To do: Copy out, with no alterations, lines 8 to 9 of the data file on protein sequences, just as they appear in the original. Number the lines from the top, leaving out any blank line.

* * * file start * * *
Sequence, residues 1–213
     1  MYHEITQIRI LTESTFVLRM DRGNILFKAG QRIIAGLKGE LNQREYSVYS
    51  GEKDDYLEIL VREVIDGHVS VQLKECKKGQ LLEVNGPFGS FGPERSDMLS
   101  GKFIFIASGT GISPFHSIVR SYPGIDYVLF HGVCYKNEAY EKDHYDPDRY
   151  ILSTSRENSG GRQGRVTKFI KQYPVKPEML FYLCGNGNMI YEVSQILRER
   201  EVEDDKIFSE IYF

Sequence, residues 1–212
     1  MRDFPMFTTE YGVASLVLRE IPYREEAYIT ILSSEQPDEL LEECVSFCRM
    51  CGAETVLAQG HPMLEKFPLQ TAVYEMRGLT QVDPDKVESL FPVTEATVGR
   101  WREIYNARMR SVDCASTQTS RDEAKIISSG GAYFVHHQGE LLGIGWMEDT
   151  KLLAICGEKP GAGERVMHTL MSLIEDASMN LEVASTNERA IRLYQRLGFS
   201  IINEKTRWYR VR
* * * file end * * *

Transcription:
     1  MRDFPMFTTE YGVASLVLRE IPYREEAYIT ILSSEQPDEL LEECVSFCRM
    51  CGAETVLAQG HPMLEKFPLQ TAVYEMRGLT QVDPDKVESL FPVTEATVGR